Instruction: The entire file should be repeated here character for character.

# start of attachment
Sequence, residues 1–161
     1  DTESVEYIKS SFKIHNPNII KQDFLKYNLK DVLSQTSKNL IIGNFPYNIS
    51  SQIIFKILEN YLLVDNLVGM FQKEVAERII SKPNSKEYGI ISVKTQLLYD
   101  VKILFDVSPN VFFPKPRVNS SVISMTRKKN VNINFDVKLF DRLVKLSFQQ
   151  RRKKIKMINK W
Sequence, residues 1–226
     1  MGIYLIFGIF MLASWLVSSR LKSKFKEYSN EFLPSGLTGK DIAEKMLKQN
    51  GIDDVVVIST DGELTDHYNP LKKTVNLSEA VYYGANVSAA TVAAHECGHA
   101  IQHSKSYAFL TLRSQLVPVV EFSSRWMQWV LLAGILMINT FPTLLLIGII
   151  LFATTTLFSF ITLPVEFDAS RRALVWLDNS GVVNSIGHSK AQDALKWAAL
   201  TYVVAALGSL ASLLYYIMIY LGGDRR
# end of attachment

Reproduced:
Sequence, residues 1–161
     1  DTESVEYIKS SFKIHNPNII KQDFLKYNLK DVLSQTSKNL IIGNFPYNIS
    51  SQIIFKILEN YLLVDNLVGM FQKEVAERII SKPNSKEYGI ISVKTQLLYD
   101  VKILFDVSPN VFFPKPRVNS SVISMTRKKN VNINFDVKLF DRLVKLSFQQ
   151  RRKKIKMINK W
Sequence, residues 1–226
     1  MGIYLIFGIF MLASWLVSSR LKSKFKEYSN EFLPSGLTGK DIAEKMLKQN
    51  GIDDVVVIST DGELTDHYNP LKKTVNLSEA VYYGANVSAA TVAAHECGHA
   101  IQHSKSYAFL TLRSQLVPVV EFSSRWMQWV LLAGILMINT FPTLLLIGII
   151  LFATTTLFSF ITLPVEFDAS RRALVWLDNS GVVNSIGHSK AQDALKWAAL
   201  TYVVAALGSL ASLLYYIMIY LGGDRR